CCPA (California Consumer Privacy Act) is a comprehensive legislative package that many experts are saying will become standard baseline rules for consumer data practices here in the U.S. – soon. Very soon.

They’re about to become law. What’s more, they’re core and critical to the way you need to be thinking about your customer data.

CCPA (California Consumer Privacy Act) is a comprehensive legislative package that many experts are saying will become standard baseline rules for consumer data practices here in the U.S. – soon. Very soon. (If you’re wondering what the specific regulations look like, you can find a good primer here.)

But CCPA and its older cousin, GDPR are table stakes for how companies should be thinking about the customer data they keep, compile and use. Think of them as the lowest common denominators – the bare minimum you’ll need to consider to keep your organization compliant*.

*Basic CCPA compliance is no guarantee against liability.

Consumer expectations with regard to their personal data (PII) are changing fast. Consumers are becoming more aware of the risks they shoulder. They are becoming more aware of the value of their own data to brands they shop with. And they are becoming more aware of the commoditized buying and selling of their data on the open market. All of which changes the buyer / seller dynamic and gives a lot more weight to the customer in this kind of transaction.

Companies should expect that awareness – and the rights that consumers are demanding – to grow and become more one-sided over time. The wild west days of data are coming to a close, if they haven’t already done so. And to them we say good riddance.

We’ve spoken with several CIOs recently who have expressed that same opinion. The time for corporate hand-wringing is past. But what does this new world look like?

PWC breaks the regulations down into 5 major components. Companies serving or employing California residents may find these five CCPA requirements have the biggest impact on their business plans:

  1. Data inventory and mapping of in-scope personal data and instances of “selling” data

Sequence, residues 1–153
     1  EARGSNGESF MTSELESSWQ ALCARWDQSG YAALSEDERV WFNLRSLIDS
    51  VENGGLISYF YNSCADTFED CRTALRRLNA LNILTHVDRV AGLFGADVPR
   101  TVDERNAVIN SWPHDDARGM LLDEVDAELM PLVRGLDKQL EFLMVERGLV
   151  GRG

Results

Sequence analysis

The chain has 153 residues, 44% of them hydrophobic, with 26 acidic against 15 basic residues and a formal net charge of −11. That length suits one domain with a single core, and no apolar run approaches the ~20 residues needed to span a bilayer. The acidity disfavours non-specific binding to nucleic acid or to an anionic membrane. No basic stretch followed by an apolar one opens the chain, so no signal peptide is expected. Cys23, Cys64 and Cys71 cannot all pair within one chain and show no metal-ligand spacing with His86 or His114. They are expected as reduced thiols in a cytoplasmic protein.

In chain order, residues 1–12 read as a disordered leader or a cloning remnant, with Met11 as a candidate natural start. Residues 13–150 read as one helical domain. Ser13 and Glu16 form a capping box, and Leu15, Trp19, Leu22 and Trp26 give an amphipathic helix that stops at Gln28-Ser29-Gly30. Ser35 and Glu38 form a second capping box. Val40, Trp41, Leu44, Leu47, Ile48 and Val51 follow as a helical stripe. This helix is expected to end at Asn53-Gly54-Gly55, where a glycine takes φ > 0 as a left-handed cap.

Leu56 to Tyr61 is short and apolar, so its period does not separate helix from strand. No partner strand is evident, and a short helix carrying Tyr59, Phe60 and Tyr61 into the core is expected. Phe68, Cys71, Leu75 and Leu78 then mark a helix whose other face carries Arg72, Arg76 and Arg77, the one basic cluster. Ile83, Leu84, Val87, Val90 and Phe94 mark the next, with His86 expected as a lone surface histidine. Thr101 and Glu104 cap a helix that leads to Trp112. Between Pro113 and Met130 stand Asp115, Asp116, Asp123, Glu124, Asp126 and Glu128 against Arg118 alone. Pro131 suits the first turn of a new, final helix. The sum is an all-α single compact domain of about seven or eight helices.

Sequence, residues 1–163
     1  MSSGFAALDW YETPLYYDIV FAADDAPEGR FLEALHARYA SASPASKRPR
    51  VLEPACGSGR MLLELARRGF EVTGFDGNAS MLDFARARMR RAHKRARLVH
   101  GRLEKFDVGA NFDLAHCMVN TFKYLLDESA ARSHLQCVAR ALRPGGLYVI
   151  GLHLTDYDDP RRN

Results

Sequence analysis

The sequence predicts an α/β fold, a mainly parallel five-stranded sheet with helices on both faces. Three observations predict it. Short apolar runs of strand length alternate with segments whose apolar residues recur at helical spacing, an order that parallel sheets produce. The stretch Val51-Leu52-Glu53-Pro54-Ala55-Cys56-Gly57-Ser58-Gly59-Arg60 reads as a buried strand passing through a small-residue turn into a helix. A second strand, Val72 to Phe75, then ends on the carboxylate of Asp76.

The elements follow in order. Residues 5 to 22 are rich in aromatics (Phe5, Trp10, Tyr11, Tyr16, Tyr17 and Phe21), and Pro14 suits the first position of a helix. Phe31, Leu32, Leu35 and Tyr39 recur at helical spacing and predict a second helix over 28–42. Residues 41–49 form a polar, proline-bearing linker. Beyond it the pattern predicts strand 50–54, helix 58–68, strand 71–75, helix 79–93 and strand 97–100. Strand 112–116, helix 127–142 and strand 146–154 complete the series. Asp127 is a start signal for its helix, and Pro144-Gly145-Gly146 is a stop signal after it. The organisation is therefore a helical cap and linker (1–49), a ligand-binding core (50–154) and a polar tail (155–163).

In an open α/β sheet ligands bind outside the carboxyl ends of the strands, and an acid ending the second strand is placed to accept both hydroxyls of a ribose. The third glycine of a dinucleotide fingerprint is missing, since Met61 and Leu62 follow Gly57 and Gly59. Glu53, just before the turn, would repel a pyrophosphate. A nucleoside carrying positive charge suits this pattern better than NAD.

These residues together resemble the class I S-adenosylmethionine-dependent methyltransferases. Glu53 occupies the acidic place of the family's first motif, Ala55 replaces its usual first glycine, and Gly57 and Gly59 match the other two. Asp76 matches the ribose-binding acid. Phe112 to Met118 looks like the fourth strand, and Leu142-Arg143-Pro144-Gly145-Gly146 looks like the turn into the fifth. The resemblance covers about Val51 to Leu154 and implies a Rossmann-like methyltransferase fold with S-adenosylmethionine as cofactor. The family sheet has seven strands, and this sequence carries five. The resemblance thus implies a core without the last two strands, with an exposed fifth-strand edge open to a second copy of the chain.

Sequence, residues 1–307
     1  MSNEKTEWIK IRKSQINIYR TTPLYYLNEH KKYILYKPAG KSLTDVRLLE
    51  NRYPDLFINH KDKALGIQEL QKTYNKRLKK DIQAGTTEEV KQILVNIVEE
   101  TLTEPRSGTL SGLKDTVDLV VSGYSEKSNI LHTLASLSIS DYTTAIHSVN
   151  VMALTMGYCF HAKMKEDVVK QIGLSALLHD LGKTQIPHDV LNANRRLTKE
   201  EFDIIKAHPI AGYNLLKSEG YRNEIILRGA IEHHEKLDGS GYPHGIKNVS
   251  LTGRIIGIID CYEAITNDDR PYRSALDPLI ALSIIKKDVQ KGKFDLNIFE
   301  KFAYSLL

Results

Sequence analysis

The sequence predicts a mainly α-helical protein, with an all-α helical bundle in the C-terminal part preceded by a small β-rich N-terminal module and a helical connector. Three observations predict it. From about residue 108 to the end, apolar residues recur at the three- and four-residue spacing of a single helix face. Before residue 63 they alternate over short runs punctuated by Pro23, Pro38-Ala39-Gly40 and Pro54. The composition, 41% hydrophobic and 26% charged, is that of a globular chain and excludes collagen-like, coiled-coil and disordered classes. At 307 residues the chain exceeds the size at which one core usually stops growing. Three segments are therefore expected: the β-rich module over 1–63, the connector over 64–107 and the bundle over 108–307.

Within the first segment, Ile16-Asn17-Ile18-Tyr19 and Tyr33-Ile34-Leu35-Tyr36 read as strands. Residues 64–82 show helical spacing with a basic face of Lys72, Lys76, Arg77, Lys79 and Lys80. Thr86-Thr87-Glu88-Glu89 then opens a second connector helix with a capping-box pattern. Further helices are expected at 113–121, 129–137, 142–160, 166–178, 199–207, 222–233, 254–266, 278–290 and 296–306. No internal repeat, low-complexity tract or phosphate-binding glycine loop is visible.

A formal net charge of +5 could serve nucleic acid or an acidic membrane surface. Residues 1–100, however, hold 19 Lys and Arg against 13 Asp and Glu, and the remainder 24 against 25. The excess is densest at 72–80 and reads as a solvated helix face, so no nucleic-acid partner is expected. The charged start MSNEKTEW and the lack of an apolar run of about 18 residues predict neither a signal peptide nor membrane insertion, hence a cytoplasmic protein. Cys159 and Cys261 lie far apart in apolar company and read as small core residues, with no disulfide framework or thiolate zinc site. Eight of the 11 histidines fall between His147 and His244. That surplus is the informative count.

2. New individual rights to data access and erasure
  3. New individual right to opt-out of data selling
  4. Updating service-level agreements with third-party data processors
  5. Remediation of information security gaps and system vulnerabilities

Note – that same article provides a side-by-side comparison of CCPA & GDPR scope & reach.

As consumers we’re accustomed to the idea that we’ve given away bits and pieces of our souls through the dozens of EULA’s (End User License Agreements) we’ve agreed to every time we use another app, website or software package. So it was with some side-eyed surprise that I opened a recent email from Strava – the workout tracking app – announcing their new, no-nonsense Privacy Policy. Unlike most companies that present a compendium of fine print to “agree” to, Strava seemed almost proud of their new simplified approach and encouraged users to click through to understand it. I did. And I can see why they’re happy to let their customers peek behind the curtain, so to speak.

What I found was uncommonly friendly and easy to understand. The main points of interest were presented with a simplicity and with a degree of humanity that I’ve not encountered in a Privacy Policy before. Yes, there’s still more text there than I care to read in its entirety but by providing something of an executive summary in an easy-to-read format, Strava has effectively enhanced my loyalty to them because of their transparency.

I think there is a lesson there. Maybe a few of them.

Customer loyalty is hard to come by and Strava has found a way to use something that typically creates a sense of fear and dread (albeit momentarily) and re-frame it in a way that lets me know they get it – that they get me. Not bad, Strava. Not bad at all.

Want to know what the approach the new world of customer data is going to look like? Take a look at Strava. They get it.


This article originally appeared in TheCustomer.